Dawn Reader

Dawn Reader
from Open Door Coffee Co.; Hudson, OH; Oct. 26, 2016

Sunday, June 21, 2015

Sunday Sundries, 56

1. AOTW: No real candidates this week--the usual doofuses in traffic, that's about it. So--impossible as it may be to believe--no award this week!

2. Reading something the other day, I came across an allusion to the game of Post Office. It's time to confess: Although my friends and I talked about this game in junior high (okay, and later, too), I never actually played the game; in fact, I didn't even know what the "rules" are. Enter Wikipedia:

The group playing is divided into two groups – typically a girl group and a boy group. One group goes into another room, such as a bedroom, which is called "the post office". To play, each person from the other group individually visits "the post office". Once there, they get a kiss from everyone in the room. They then return to the original room.

Once everyone in the first group has taken a turn, the other group begins sending members to the first room.

Probably the raciest game I played back then was Truth of Dare, a game I liked because you could lie and be a chicken.

3. I was thinking the other day about the changes in coffee. Throughout most of my life, when you went to a restaurant or a coffee shop, you ordered ... coffee. The only variation was decaf. Now ... light, bold, medium, dark, spicy, etc. And, of course, instead of five cents, it's now two dollars (or more).

issue from back in the day
4. In a waiting room the other day I was surprised to see a copy of TV Guide, a magazine that I thought was long, long gone. When I was growing up, we subscribed (there was really no other way to get the detail you wanted about the shows for the week. But through all of my boyhood, we never had more than three channels, so the magazine made some sense.

issue I found in the
waiting room
Now, of course, there are countless channels--not to mention streaming services--so I'd just assumed that TV Guide had gone the way of the record player (which, of course, is enjoying a comeback) and the reel-to-reel tape player and the chuck wagon. But there it was on Wednesday, somewhat larger than it used to be, but still identifiably TV Guide.

5. The other night--while Joyce was off somewhere--I watched, via Netflix, the DVD of  Foxcatcher, a 2014 film I'd read a lot about but did not ever go to see when it was in the theaters--which, if I remember correctly, was not all that long a time, at least around here. (It got five Academy Award nominations--no wins.) Based on a true story of a murder executed in January 1996 by John Du Pont (yes, those Du Ponts, the fabulously wealthy ones). Du Pont, a devoted (mad?) fan of amateur wrestling, had gathered at his estate some of the best wrestlers in the world (including characters played by Channing Tatum and Mark Ruffalo; the later is the one whom Du Pont kills). His estate--called Foxcatcher--was where he set up a training site for the world championships and Olympics. Things get freaky before the gunfire, but the performances were excellent, top to bottom, including a very off-type Steve Carrell, who played Du Pont. Not a pleasant film to watch--but a powerful one. (Du Pont died in prison in 2010.)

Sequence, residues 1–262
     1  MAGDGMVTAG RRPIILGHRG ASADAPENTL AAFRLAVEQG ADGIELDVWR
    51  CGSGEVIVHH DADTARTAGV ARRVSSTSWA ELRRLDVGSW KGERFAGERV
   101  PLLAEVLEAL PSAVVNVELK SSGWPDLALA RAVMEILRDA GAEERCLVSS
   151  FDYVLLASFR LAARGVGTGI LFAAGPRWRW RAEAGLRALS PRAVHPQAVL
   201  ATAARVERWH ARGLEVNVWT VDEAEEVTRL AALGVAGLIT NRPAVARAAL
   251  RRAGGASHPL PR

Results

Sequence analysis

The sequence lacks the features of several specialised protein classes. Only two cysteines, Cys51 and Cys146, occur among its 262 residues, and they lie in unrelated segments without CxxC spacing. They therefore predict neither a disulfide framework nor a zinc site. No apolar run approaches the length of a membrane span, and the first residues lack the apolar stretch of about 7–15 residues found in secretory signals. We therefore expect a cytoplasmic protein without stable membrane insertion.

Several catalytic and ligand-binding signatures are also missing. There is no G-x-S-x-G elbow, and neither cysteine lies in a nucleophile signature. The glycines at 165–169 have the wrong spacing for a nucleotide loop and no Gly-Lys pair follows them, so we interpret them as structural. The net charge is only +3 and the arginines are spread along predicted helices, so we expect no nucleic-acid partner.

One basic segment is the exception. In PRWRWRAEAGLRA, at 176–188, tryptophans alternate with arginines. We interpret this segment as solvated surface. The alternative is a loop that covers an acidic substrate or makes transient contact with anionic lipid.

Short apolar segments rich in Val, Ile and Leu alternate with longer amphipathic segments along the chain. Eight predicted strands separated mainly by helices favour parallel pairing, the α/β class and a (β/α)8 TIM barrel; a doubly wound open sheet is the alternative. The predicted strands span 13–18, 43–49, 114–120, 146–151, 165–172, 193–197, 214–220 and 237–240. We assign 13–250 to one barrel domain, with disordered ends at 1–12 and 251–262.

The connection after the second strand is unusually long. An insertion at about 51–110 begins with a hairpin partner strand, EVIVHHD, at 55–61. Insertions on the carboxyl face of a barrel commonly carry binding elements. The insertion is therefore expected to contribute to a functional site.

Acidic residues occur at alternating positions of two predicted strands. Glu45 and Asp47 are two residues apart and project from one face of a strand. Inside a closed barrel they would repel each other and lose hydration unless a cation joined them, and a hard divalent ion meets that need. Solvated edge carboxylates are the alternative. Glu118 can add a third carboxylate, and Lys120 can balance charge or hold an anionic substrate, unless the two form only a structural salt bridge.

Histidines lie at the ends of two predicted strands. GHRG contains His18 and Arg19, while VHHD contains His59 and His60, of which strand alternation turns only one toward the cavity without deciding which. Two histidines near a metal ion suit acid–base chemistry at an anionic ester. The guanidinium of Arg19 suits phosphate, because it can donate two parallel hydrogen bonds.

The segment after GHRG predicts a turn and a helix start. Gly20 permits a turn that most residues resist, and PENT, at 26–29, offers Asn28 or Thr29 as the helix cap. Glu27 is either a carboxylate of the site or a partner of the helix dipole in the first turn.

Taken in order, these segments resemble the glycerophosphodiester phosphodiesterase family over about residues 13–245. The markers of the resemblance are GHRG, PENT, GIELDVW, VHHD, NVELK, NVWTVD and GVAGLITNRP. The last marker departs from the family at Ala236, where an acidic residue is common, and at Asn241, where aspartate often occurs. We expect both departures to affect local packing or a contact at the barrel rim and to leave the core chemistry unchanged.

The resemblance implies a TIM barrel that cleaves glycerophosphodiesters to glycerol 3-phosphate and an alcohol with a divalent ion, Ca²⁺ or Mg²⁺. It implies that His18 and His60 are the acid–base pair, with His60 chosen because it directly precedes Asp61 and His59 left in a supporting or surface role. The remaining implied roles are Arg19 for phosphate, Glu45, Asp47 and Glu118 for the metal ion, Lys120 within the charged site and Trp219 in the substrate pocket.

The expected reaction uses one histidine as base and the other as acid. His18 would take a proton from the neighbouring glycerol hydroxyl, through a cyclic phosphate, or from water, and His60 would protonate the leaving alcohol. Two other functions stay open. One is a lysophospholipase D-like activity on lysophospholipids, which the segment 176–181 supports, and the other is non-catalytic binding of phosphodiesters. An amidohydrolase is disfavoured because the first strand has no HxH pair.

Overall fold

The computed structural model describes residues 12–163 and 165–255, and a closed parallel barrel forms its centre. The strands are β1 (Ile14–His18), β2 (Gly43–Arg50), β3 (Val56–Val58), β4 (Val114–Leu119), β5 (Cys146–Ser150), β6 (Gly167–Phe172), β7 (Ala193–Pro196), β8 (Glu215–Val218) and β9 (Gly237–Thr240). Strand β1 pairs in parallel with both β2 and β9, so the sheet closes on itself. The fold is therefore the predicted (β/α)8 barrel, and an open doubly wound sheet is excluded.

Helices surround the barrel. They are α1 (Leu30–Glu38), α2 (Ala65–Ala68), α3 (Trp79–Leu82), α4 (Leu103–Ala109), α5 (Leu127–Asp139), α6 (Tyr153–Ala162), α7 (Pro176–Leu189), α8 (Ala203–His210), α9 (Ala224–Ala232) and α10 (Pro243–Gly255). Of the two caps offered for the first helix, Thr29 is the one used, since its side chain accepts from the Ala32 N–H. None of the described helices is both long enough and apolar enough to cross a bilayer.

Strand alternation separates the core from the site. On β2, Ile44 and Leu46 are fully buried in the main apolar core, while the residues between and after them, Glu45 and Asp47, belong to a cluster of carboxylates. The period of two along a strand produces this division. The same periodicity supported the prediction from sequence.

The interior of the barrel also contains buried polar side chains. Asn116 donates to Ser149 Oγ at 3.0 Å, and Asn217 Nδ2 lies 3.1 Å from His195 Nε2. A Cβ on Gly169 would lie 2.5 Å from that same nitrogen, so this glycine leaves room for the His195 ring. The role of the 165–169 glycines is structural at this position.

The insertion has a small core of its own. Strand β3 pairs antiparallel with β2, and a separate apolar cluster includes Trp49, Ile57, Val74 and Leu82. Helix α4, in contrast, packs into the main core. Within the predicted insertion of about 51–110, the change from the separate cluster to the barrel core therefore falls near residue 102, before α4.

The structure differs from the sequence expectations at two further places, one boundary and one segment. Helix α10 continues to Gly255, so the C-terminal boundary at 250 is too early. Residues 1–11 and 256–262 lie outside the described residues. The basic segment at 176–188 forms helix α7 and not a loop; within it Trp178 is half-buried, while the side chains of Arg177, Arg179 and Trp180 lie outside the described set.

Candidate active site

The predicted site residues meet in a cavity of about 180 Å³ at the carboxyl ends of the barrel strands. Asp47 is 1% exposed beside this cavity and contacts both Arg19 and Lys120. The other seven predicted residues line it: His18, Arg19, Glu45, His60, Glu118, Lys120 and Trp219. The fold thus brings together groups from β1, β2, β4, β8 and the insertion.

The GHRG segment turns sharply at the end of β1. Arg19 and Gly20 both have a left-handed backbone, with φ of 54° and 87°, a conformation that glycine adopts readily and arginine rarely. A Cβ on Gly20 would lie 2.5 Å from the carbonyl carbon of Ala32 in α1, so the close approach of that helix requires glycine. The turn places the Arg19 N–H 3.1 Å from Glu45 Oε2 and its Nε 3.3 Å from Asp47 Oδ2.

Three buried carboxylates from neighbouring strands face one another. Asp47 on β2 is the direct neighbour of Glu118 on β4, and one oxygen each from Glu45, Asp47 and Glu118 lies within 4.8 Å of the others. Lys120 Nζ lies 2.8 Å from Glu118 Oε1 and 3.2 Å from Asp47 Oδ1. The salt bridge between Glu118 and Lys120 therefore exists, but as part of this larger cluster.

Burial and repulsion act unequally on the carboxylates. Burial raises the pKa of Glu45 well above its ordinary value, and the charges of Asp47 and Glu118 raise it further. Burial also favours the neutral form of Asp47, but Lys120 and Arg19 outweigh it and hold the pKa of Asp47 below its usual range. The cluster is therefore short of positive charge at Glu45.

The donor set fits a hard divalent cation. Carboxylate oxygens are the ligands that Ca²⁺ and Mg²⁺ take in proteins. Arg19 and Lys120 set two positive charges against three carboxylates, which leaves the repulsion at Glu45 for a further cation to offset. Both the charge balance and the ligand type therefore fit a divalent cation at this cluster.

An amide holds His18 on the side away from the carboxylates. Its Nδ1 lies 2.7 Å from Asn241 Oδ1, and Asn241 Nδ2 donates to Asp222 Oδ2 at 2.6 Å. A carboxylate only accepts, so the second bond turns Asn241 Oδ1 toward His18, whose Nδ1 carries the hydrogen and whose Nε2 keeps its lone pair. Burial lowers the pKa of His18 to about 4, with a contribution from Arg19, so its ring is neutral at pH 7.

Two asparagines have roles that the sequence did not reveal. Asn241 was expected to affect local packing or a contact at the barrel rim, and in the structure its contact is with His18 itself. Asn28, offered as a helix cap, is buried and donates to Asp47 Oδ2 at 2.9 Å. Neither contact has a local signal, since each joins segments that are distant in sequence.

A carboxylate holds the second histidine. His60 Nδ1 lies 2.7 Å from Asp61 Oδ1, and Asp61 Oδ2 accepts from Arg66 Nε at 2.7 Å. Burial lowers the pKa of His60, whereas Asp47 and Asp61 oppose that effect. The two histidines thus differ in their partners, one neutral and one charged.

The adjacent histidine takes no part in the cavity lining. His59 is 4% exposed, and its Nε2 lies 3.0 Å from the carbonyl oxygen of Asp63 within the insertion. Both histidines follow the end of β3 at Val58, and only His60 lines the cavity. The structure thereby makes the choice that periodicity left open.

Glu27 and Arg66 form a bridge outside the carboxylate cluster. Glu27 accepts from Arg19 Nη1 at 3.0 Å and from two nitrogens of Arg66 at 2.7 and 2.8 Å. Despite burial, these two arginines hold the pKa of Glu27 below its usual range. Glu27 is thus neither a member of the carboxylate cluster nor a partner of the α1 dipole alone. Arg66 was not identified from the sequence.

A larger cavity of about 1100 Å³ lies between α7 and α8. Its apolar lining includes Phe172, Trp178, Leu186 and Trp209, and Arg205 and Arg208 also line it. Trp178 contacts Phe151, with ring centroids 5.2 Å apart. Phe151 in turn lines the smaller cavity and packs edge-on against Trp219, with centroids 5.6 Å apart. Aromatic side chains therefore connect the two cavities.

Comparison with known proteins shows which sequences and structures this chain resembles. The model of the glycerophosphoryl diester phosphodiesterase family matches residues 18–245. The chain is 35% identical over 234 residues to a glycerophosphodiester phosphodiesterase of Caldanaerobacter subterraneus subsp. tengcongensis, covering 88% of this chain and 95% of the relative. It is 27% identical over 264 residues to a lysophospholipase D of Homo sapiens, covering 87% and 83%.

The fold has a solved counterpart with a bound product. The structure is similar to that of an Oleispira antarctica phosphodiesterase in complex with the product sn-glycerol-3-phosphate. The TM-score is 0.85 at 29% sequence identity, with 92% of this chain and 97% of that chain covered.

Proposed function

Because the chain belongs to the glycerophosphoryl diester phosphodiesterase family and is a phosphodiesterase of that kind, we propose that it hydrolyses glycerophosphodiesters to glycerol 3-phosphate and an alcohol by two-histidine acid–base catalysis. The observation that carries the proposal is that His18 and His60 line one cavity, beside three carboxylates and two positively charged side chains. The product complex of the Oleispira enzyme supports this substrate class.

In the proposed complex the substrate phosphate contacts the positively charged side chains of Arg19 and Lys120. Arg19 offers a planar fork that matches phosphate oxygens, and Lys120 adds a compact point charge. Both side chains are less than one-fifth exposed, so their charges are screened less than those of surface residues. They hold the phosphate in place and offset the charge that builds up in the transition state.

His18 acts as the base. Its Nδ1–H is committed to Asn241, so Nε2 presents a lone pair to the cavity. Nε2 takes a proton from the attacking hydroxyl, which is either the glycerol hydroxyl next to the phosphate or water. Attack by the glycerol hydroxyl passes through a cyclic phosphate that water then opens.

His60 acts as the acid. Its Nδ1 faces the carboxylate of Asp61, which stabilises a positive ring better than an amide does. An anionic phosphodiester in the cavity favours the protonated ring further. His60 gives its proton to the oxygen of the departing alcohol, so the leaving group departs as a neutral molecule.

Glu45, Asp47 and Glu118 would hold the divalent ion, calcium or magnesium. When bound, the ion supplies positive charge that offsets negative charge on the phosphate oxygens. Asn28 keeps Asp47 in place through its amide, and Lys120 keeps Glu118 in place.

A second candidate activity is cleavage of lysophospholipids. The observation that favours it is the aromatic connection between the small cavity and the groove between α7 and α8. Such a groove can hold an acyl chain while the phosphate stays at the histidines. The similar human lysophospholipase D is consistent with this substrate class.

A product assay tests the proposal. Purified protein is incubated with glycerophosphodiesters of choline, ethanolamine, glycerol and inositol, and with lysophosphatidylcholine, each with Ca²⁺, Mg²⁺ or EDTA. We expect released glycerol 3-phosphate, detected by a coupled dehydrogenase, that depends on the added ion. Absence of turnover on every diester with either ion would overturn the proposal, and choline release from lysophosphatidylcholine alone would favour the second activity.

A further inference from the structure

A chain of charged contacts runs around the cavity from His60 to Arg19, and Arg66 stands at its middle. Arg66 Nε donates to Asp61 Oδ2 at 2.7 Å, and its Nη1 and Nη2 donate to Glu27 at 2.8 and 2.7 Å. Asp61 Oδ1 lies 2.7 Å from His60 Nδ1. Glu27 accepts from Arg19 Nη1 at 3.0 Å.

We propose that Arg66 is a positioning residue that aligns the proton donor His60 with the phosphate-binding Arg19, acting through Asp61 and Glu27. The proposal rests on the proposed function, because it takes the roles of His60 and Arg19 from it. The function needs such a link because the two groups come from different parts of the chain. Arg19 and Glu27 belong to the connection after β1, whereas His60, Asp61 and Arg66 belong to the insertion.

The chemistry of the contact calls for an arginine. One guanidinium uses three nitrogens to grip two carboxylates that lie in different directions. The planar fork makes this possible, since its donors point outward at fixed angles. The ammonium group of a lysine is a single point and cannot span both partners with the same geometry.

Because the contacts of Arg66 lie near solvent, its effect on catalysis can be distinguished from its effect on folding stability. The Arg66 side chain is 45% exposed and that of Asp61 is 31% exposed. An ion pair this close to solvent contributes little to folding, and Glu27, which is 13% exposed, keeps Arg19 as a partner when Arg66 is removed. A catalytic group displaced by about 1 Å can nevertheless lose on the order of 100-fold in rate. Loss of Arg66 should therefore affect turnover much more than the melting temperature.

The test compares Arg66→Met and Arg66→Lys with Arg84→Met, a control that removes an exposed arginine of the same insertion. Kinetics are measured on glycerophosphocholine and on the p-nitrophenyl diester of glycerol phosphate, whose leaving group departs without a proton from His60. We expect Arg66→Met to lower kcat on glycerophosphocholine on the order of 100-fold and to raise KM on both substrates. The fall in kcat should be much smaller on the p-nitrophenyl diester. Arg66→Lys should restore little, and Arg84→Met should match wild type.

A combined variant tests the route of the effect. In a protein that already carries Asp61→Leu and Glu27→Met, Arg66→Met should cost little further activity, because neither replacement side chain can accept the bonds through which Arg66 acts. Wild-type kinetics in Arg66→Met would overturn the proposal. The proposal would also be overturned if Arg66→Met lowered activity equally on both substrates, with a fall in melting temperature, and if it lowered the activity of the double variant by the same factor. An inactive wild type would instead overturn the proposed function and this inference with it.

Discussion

6. This week I finished reading the "lost" 1953 pulp novel by Gore Vidal (writing as "Cameron Kaye"), Thieves Fall Out. Reissued just this year, Thieves takes place in post-WW II Egypt and tells the story of an American, Peter Wells, a resourceful young man, a war vet with some skills (think: Liam Neeson in the Taken films ... well, Wells is not that skilled) who gets swept up in a plot to steal, smuggle, and sell a priceless necklace from Back in the Day (which, in Egypt's case, was a long, long, long time ago).

Double-crosses, 1950s sex scenes, fisticuffs, gunfire, ex-Nazis--all come into play in this romp through the hard-core crime genre.

Vidal's characteristic slicing wit is not heavily present here, but there are glimpses behind the conventional structure and prose of the literary talent who would write so many great essays and plays (Visit to a Small Planet), entertaining novels (Lincoln, Burr, etc.). One chapter ends with this: "In the hills across the river a jackal laughed" (101). Now that's Gore Vidal.

Percolating underneath the novel is a rebellion against Egypt's King Farouk, who ruled from 1936-1952. The revolution that erupts at the end of this novel is the one that deposed him in 1952 (he fled to Italy after Nasser's forces overwhelmed him and died in Rome in 1965).

Farouk, a handsome young king, became rather ... portly ... later on and was the subject of jokes (one character in Vidal's novel calls him "Fat Boy" (220)), one of which, a drawing I remember from boyhood, was the first cartoon I didn't understand. Dad had to explain it to me. See below:

Shown this drawing, you were supposed to say what it is. Answer: King Farouk on a bar stool.

Well, at the time, I didn't know who King Farouk was, and I certainly didn't know anything about his weight.

I found this image on the Internet, but my memory is that the drawing I saw was far more exaggerated in ways you can imagine.

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